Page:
The culture of hate emanating from the Northwest corner of Washington State has a well-documented history. Nourished by religious bigotry and Anti-Indian racism, the politics of fear has become pervasive.

At the heart of this politics of fear is the Tea Party, now disguising itself under the alias Common Threads Northwest. And while liberals decry the entrenched racism generated by the Tea Party network, they have themselves adopted a culture of complacency.

This complacency, combined with the corruption of media, has allowed the culture of hate to not only survive, but to prosper. Allied with industries such as fossil fuel exporters, the Tea Party flies under the radar, aided and abetted by local media that is on the take in exchange for covering up corporate crime.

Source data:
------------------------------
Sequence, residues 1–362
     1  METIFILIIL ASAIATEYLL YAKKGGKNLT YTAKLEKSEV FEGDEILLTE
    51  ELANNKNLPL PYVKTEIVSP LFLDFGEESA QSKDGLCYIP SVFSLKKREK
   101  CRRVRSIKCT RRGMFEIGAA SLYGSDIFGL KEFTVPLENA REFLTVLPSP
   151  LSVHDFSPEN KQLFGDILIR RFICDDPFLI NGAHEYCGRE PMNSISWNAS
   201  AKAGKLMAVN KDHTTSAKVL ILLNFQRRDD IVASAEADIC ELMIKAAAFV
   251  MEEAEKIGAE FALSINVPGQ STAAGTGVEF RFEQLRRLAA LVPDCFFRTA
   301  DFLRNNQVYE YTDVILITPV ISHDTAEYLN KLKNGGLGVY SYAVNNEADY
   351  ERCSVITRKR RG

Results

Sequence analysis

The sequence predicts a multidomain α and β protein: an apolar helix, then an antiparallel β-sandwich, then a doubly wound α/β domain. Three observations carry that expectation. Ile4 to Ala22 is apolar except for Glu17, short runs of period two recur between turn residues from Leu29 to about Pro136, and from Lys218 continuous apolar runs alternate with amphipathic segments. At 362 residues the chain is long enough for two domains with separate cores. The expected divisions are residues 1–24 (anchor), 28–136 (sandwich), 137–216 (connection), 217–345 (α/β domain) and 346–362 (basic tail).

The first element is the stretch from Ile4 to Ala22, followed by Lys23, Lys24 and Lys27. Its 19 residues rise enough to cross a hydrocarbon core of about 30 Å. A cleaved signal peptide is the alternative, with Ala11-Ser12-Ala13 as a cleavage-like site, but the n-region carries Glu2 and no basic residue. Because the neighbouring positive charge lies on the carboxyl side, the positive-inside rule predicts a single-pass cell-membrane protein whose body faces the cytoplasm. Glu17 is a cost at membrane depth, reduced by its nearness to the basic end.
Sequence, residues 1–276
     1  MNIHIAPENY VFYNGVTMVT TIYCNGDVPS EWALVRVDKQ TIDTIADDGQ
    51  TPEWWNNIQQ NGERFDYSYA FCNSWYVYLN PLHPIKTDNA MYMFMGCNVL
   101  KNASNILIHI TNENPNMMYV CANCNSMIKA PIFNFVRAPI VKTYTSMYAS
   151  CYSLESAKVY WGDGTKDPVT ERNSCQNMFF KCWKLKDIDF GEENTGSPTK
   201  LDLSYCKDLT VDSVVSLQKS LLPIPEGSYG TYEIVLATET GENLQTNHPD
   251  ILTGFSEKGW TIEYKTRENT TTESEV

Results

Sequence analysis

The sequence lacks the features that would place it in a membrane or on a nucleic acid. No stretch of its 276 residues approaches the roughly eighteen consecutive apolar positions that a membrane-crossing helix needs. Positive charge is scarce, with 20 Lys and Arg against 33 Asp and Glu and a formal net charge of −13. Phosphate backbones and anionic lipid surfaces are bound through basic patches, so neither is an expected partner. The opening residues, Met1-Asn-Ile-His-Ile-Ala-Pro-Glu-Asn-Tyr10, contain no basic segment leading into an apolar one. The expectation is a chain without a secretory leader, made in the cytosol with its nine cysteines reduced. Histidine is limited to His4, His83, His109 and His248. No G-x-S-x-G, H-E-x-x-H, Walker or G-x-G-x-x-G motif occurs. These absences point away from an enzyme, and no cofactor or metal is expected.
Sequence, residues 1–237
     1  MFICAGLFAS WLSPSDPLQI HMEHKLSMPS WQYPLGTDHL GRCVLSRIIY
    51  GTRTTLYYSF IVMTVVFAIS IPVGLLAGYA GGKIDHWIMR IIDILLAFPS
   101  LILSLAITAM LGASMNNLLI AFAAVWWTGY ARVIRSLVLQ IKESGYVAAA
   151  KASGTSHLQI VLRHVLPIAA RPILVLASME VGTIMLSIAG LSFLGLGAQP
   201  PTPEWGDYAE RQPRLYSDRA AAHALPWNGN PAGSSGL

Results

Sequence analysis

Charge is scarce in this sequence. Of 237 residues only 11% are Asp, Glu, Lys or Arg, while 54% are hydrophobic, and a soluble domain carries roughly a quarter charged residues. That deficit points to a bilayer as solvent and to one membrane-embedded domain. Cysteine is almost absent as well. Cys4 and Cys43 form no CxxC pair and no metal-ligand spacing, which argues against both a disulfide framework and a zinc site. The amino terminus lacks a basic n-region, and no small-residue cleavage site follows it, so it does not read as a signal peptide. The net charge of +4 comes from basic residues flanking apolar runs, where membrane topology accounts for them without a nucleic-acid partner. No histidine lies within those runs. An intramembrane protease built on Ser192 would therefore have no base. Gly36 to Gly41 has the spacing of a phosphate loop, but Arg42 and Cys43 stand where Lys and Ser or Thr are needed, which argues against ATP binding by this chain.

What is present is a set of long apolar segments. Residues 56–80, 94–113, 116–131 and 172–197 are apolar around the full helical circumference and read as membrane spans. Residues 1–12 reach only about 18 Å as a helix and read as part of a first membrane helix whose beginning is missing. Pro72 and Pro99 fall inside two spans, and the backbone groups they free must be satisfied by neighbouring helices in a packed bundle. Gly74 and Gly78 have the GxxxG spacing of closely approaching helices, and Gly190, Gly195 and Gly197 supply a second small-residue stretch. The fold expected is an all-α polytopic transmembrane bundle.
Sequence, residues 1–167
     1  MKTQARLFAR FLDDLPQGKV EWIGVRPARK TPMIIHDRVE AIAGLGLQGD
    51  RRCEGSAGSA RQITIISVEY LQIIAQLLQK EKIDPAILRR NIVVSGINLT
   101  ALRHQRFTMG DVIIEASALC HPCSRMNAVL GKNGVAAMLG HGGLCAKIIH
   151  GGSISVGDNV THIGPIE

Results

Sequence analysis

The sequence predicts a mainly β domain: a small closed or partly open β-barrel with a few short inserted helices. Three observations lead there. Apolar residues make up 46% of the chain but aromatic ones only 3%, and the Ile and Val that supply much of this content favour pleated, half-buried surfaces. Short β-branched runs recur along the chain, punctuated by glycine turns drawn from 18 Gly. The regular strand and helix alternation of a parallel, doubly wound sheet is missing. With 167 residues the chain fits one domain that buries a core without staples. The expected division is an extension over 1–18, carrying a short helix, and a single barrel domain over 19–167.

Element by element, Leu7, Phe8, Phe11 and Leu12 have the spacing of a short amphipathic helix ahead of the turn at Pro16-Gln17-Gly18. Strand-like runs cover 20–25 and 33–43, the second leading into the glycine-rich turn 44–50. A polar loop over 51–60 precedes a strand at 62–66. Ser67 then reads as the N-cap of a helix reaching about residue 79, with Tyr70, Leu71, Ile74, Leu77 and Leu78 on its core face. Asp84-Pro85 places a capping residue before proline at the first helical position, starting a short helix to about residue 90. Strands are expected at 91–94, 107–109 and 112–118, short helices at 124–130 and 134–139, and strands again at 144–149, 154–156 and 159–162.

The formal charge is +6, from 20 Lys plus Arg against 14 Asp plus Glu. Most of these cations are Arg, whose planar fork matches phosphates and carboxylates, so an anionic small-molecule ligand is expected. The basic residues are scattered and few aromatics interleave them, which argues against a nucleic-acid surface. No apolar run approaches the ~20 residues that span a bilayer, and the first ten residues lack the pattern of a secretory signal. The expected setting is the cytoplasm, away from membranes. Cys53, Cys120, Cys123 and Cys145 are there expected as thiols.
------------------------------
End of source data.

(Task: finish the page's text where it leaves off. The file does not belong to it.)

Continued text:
While Canadian Prime Minister Trudeau was publicly going through the motions of “consulting” First Nations on the Kinder Morgan pipeline fiasco, high level officials were privately instructing staff to find a way to justify approval by his cabinet. Ignoring a 150 -page report from Tsleil-Waututh First Nation on the devastating impacts of Tar Sands shipping through the Salish Sea, government officials–after meeting with Kinder Morgan lobbyists–expedited review of the contentious project.

In 2011, Northwest Treaty Tribes launched the Treaty Rights at Risk initiative, outlining the issues and offering solutions for the protection of tribal treaty rights and the recovery of salmon habitat in western Washington State. Because salmon habitat is being destroyed faster than it can be restored, salmon continue to decline, along with tribal cultures and treaty rights.